Fallen Soldier's Beloved Dog Gets Ticket Out of Iraq

The organization Baghdad Pups is retrieving Laia, who will join a new family in Michigan

Somewhere in Iraq today, a little yellow dog named Laia is starting the treacherous journey of a lifetime to the United States. She’s being saved thanks to Maj. Steven Hutchison, who adopted her, and SPCA International’s Operation Baghdad Pups. But Hutchison himself won’t be part of the homecoming: He was killed by a roadside bomb May 10 outside Basra, just three months before he was supposed to return home to Scottsdale, Ariz. When she reaches the U.S., Laia will live with a friend’s family instead.

Even among the heroic tales of sacrifice of the nearly 5,000 troops who have died in Iraq and Afghanistan, Maj. Hutchison stands out. At 60, he was the oldest combat death in either conflict. He was a decorated Vietnam vet with a doctorate in psychology. The father of two grown daughters, he had wanted to rejoin the military after the Sept. 11 attacks, but listened to his wife, who didn’t want him to go. After she died of cancer in 2006, Hutchison re-enlisted, with tours in Afghanistan and Iraq as an adviser to Iraqi forces.

Hutchison’s unit found Laia at just 1 month old in Basra. The local vet said he would have to euthanize the dog unless they adopted her as a mascot. As policy, soldiers are not supposed to adopt strays, and Hutchison defied orders to get rid of the dog, even moving her from base to base, his friend, Sgt. Andrew Hunt, told the SPCA. “He ignored this request several times up until it began to move toward punishment,” Sgt. Hunt said. “See, you couldn’t ever tell the Major he couldn’t do something, he [was] a stubborn old goat set in his ways. It was an endearing quality we loved about him.”

Long tours in Iraq have led many soldiers to adopt animals, SPCA International spokeswoman Stephanie Scroggs told PEOPLE Pets. “As soon as soldiers adopt a dog or a cat, it just seems very transformative in many of their lives,” she said. That seems to have been the case with Hutchison, who let Laia sleep in his bed and ride in his lap. “Whenever Laia was around, his demeanor and personality changed 1000 percent,” Hunt told the SPCA. “He was never without a smile, he was so much happier in life, it was amazing.”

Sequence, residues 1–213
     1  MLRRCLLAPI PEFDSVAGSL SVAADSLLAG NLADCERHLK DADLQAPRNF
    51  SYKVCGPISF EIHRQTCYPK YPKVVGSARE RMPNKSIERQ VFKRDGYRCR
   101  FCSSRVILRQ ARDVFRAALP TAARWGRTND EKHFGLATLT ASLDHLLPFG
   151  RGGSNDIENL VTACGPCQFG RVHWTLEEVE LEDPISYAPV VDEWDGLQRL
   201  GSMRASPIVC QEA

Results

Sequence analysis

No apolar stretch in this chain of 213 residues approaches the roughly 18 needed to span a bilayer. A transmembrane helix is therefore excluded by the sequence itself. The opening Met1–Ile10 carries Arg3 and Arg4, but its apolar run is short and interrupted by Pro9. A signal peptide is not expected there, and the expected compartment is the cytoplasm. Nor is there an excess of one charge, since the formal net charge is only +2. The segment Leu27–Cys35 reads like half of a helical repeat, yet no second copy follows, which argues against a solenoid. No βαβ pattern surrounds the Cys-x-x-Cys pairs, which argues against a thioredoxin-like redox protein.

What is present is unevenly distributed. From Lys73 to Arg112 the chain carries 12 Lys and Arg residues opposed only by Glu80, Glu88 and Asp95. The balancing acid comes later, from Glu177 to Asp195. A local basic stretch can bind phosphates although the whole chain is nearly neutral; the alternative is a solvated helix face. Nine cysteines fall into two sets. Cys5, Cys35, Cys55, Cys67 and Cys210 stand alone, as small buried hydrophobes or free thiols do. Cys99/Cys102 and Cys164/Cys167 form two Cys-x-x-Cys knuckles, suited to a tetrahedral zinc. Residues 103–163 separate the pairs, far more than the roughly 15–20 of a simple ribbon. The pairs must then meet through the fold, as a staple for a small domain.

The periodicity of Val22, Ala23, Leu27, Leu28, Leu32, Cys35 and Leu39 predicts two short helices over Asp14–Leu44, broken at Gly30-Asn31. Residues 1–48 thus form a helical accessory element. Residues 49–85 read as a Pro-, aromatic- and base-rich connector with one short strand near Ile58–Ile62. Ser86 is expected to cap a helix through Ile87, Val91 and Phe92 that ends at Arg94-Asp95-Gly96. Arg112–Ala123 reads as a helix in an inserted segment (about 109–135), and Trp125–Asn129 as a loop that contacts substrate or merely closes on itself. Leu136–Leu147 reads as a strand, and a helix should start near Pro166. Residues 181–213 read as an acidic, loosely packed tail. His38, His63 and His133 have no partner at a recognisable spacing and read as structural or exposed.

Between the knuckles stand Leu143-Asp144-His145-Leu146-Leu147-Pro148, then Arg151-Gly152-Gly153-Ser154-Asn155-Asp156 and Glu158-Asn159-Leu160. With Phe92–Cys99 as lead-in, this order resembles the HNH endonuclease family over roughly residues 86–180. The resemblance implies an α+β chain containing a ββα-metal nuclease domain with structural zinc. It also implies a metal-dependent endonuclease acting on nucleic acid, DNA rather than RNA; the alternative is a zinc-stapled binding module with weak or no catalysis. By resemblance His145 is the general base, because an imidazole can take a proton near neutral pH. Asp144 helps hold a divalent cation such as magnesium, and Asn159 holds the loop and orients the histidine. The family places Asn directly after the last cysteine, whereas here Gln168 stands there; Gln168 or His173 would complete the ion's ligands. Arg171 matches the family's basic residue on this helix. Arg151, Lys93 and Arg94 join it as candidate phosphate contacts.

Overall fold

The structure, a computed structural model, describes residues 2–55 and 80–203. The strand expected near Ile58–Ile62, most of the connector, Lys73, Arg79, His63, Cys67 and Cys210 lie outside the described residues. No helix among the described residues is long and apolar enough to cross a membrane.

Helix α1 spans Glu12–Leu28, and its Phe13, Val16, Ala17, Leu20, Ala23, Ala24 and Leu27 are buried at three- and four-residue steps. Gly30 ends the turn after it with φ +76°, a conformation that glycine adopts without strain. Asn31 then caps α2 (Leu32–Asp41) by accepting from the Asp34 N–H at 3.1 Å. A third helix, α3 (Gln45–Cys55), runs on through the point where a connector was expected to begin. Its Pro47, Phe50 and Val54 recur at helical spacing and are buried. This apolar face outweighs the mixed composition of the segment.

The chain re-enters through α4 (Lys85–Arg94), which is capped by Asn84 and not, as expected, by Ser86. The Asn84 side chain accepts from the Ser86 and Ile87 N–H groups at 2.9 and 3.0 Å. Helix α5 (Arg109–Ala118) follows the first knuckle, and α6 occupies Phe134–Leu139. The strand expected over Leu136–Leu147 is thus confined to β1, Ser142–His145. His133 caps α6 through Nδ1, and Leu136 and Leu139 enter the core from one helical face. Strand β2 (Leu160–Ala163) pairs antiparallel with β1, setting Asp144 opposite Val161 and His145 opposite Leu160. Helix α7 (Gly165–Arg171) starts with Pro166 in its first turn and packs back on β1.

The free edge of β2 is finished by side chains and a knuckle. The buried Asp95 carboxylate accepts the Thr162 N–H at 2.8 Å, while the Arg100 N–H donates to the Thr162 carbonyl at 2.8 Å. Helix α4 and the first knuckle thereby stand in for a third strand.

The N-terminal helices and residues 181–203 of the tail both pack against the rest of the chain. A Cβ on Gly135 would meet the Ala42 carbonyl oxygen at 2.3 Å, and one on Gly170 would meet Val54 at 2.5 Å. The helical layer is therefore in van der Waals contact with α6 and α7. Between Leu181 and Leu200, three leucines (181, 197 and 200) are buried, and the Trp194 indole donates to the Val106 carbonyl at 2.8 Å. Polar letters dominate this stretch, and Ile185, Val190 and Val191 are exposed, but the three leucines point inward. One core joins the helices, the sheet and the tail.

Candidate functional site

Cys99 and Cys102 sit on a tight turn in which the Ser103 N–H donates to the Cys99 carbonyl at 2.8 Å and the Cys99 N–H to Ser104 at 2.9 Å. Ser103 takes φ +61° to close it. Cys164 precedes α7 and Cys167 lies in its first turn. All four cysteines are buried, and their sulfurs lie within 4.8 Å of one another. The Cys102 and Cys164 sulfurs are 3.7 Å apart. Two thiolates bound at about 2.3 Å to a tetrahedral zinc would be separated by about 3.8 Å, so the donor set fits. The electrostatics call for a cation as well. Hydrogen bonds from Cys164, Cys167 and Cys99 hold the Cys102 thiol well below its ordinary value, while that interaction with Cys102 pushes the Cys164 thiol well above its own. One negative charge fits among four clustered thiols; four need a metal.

Hunt helped arrange Laia’s transport home and his family will temporarily take care of the dog until she moves to Michigan to live with her new family, including two kids.

But first, Laia must complete the most difficult part of her journey: traveling to the Baghdad airport in the care of a contractor hired by SPCA International. Although the trip is only about 300 miles, it will take two days. Then Laia, now just under 1 year old, will join three other dogs on a flight to the United States with Operation Baghdad Pups program manager Terri Crisp, making Laia the 147th pet saved by the group.

Leaving Iraq for a new life–and escaping mass government-sponsored exterminations–is not an easy option for many of the dogs that soldiers befriend, and that’s where Operation Baghdad Pups comes in. Earlier this year, in a case that touched people around the world, Gwen Beberg worked with the program–and fought the Army–to get her dog Ratchet out of Iraq. Right now, 50 soldiers are on the waiting list to move their pets out of the war zone, and each rescue can cost up to $4,000. The SPCA International is hoping for more donations to fund happy endings like Beberg’s.

Maj. Hutchison’s brother, Richard Hutchison, told the SPCA that his brother always loved dogs and often talked about Laia in his phone calls. The rescue of Laia means so much to the family that Richard will meet the dog at Washington Dulles International Airport for her June 1 arrival.

“Laia has brought so much joy and happiness into our lives, and we cannot express how much she has touched us all,” Hunt told the SPCA. “As a final act for our brother, we want to send his dog home.”

You can donate to Baghdad Pups to help a soldier bring their pet home by visiting their Web site.

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